James Sturm
Sturm at Stumptown Comics Fest 2010
Born1965 (age 58–59)
New York City,[1] New York
Area(s)Cartoonist, Writer, Artist, Editor, Publisher
Notable works
The Golem's Mighty Swing
The Revival
Hundreds of Feet Below Daylight
Fantastic Four: Unstable Molecules
AwardsEisner Award, 2004
Xeric Award, 1996

James Sturm (born 1965) is an American cartoonist and co-founder of the Center for Cartoon Studies in White River Junction, Vermont. Sturm is also the founder of the National Association of Comics Art Educators (NACAE), an organization committed to helping facilitate the teaching of comics in higher education.[2]


Sturm grew up in Rockland County, New York,[1] and later attended the University of Wisconsin–Madison.[3] In 1988, one year after graduating, he self-published Down and Out Dawg, a book collecting his college newspaper strips, and Commix, an anthology that featured some of the first works of Chris Ware and Scott Dikkers. In 1990, Sturm was hired as a production assistant on Art Spiegelman's RAW magazine, and subsequently was published in the second and fourth issues of the Drawn & Quarterly anthology magazine.[1]

In 1991, Sturm received a Master of Fine Arts from the School of Visual Arts in New York.[4] He then moved to Seattle, Washington, and co-founded the alternative newsweekly, The Stranger.[4] Meanwhile, Fantagraphics published his first comic book The Cereal Killings #1. During the next five years Sturm juggled jobs as art director of The Stranger, publisher of his own Bear Bones Press, and work on his own comics, like The Revival, published in 1996. In 1997, Sturm became a professor at the Savannah College of Art and Design, in Savannah, Georgia.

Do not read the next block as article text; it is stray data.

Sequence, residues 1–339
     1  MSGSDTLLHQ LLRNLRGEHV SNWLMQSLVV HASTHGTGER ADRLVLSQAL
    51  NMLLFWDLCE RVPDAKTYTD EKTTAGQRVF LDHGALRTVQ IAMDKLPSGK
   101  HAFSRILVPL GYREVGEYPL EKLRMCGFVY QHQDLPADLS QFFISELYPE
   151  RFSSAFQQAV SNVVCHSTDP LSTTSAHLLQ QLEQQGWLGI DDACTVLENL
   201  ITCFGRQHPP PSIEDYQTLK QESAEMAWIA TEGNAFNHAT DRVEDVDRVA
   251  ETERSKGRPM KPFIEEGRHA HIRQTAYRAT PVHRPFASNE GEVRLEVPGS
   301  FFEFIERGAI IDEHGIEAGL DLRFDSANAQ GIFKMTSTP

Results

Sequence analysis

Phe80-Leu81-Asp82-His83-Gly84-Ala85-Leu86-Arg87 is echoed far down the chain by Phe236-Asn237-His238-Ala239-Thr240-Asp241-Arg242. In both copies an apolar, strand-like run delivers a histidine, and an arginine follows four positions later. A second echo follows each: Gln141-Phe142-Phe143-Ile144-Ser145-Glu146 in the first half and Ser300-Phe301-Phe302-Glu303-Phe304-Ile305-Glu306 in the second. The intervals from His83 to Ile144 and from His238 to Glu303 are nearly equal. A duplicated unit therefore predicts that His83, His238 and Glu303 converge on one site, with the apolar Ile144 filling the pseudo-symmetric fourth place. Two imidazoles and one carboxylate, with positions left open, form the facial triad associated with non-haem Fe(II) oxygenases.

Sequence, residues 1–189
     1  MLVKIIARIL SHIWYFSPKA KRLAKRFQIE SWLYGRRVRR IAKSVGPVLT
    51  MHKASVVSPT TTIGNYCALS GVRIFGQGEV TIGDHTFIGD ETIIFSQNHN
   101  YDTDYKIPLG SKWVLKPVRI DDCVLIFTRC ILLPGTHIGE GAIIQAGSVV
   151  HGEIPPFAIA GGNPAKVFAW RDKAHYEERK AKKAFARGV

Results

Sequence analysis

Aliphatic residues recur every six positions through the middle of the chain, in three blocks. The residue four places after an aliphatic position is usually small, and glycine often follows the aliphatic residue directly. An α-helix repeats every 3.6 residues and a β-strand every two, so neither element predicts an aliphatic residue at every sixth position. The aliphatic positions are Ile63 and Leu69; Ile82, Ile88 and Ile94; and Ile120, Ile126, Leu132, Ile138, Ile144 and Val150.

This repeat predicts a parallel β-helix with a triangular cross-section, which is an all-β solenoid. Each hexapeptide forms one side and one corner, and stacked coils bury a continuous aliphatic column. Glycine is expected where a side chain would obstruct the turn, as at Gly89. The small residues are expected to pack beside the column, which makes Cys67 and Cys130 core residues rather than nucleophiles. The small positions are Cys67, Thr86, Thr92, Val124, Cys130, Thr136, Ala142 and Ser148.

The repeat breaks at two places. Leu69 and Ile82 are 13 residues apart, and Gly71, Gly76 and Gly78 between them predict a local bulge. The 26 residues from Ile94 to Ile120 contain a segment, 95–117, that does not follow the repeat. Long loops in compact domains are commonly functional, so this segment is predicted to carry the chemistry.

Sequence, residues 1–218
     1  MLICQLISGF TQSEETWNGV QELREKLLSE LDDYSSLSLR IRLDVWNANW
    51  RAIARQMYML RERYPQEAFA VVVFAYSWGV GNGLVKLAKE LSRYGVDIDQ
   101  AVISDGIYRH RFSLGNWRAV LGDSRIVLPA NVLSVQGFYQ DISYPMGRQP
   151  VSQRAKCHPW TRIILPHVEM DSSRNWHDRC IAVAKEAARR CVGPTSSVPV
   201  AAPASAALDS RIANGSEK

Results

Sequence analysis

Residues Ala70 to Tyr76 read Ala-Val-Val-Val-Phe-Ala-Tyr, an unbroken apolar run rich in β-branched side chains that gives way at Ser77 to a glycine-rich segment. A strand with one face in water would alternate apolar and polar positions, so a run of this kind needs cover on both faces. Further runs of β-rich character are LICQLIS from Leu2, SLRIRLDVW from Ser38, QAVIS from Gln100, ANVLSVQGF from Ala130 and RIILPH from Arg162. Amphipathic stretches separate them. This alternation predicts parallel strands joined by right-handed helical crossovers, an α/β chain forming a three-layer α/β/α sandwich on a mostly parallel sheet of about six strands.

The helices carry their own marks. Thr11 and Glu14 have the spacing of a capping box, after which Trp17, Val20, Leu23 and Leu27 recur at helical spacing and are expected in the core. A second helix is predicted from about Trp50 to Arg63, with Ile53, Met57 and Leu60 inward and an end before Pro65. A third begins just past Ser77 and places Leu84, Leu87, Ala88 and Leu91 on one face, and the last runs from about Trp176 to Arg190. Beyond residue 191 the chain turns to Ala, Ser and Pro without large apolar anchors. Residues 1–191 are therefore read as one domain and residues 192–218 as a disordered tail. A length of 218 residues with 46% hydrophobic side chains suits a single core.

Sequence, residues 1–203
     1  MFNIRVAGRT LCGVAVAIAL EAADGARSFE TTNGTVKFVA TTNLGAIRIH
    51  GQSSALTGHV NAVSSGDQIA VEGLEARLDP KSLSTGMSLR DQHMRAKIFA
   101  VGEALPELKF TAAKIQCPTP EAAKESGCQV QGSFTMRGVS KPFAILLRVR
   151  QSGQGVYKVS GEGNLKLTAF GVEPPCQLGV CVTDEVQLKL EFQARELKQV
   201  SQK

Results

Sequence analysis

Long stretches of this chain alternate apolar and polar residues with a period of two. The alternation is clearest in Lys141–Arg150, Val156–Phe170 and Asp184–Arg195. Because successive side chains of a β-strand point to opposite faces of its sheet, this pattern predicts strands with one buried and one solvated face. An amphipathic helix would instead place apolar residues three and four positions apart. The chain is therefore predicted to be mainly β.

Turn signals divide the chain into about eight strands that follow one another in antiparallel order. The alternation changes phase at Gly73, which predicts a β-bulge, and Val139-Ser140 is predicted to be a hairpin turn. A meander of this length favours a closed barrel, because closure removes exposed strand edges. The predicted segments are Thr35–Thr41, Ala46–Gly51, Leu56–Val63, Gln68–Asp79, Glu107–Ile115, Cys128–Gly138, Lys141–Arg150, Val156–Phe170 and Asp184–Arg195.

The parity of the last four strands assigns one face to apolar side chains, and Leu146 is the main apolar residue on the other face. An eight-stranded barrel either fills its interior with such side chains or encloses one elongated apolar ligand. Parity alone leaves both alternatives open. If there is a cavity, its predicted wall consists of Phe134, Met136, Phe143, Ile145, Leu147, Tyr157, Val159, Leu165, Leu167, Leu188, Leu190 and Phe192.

In 1998, Drawn & Quarterly published the story Hundreds of Feet Below Daylight, the second in Sturm's trilogy of American historical fiction pieces. Two years later came the last installment of the trilogy, the best-selling and award-winning graphic novel The Golem's Mighty Swing. This book went on to be printed in three languages, earned praise from such publications as The Sunday Observer, Entertainment Weekly, and The Washington Post Book World, and was chosen as the Best Graphic Novel of 2000 by Time. In 2004, Drawn & Quarterly collected Hundreds of Feet Below Daylight and The Revival as a deluxe comic book titled Above & Below. In October 2007, the trilogy was collected in a volume entitled James Sturm's America: God, Gold, and Golems.

In 2003, Sturm wrote the Marvel Comics four-issue miniseries Fantastic Four: Unstable Molecules, featuring characters based on the Fantastic Four. It won an Eisner Award for Best Limited Series.

In 2004, Sturm and Michelle Ollie founded the Center for Cartoon Studies, with its first classes offered in the fall of 2005. As of April 2010, he writes a column about the Internet for the website Slate.[5]



(writer and artist unless otherwise noted)

Adventures in Cartooning series


  1. ^ a b c Aushenker, Michael. "Drawing on Life," Jewish Journal (July 12, 2001).
  2. ^ Hatfield, Charles. "Introduction," Alternative Comics: An Emerging Literature (Univ. Press of Mississippi, 2005), p. xi.
  3. ^ Constant, Paul. "'Making art does become a war of attrition': James Sturm on Teaching Cartooning, Cofounding The Stranger, and How Comics Aren't Disposable Anymore," The Stranger (Apr. 15, 2010).
  4. ^ a b Wolfe, Kristin L. "Spotlight New England: James Sturm," Visual Arts Journal: School of Visual Arts Magazine (Spring 2018), p. 43.
  5. ^ Sturm, James. "I'm Quitting the Internet," Slate (April 7, 2010).
  6. ^ 2004 Will Eisner Comic Industry Award Nominees and Winners
  7. ^ Xerix Awards 1996
  8. ^ a b c d e f g h i j James Sturm at the Grand Comics Database